You cannot and should not light a lucite candle. Burning a lucite candle is effectively burning plastic, this means that potentially toxic gasses will be given off and it would be a significant fire risk if any dripping plastic were to melt on items around it.
A Lucite candle “works” by providing a long-lasting decorative candle, that looks like a traditional candle. However, it will not be subject to discoloration and is more durable than a wax variation. The distinctive glass-like transparency of a Lucite candle can rarely be matched by traditional candles and offers up a new design choice for the home. As a Lucite candle is never lit, they are long-lasting and can be re-purposed into different candle holders or areas of your home.
How to make Lucite Candles
The process of making a Lucite candle is very different than the formation of a traditional wax candle. It is much more akin to a chemistry experiment. While traditional candle-making methods include dipping and re-dipping to build layers of wax, making a Lucite candle requires casting a mold.
Firstly, a mold is made or purchased, then the right balance of acrylic polymer and hardener needs to be mixed in order for it to set fully. If a purely clear Lucite candle is the desired outcome there is no need to add anything else, but often designers will insert metallic flakes to add visual interest to the piece. This needs to be swirled in prior to the mixture hardening fully.
While glitter is the most common choice, the sky is the limit. Some of the more creative variations of Lucite candles can incorporate everything from small gemstones to all-matter of trinkets like toy cars or shells. It just requires a bigger mold. The transparent nature of Lucite gives the impression that the items are suspended in space.
Once set the Lucite candle can be popped from the mold. The final product is wiped down and buffed to ensure clarity and any final touches like a base or decorative wick can be attached by glue.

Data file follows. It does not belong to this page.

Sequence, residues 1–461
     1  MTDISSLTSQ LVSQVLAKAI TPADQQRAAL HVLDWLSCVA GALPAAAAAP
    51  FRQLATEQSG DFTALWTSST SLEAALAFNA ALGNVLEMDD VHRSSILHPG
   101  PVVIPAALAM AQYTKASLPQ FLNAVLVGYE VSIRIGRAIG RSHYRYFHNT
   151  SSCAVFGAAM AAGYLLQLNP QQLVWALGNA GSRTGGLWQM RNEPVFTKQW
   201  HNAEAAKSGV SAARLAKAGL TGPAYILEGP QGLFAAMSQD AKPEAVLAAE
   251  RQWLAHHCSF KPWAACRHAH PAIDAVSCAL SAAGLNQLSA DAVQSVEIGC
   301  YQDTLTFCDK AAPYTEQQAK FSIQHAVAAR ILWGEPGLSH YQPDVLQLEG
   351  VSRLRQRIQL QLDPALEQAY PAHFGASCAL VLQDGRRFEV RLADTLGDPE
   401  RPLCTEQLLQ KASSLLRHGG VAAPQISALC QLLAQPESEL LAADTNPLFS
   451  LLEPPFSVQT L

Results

Are Lucite Candles better?
Whether Lucite candles are better than traditional candles comes down to the purpose of their use. If you want light, then a Lucite candle is sub-par as you cannot light them. However, if you want a decorative candle to place in a candelabra or to give a striking visual impact, the sparkly nature of a Lucite candle is hard to beat.
To add to the appeal of Lucite candles, they have become somewhat of a vintage piece. They peaked in popularity in the seventies and have decreased in the decades since. Auction houses and vintage stores often trade in the more pristine examples of Lucite candles to great success. The relative rarity of them tends to drive demand.
Lucite candles also have a role in supporting other design choices. There are examples of designers making beautifully designed but ultimately impractical candle holders, chandeliers, or candelabras. Burning a traditional candle runs the risk of wax damaging the holder, in this instance a Lucite candle gives the perfect option to still give the impression of a real candle without running the risk of damage.
Lucite candles are a decorative variation of traditional candles that are made of long-lasting and durable thermoplastic acrylic resin. The high transparency of Lucite gives a clear glasslike material that lends itself well to decorative designs. Gems or reflective materials can be suspended in the resin mixture to give a striking impression.
Unfortunately, they are purely decorative and cannot be burnt. They were particularly popular in the late sixties and early seventies and as such have gained popularity in the vintage market.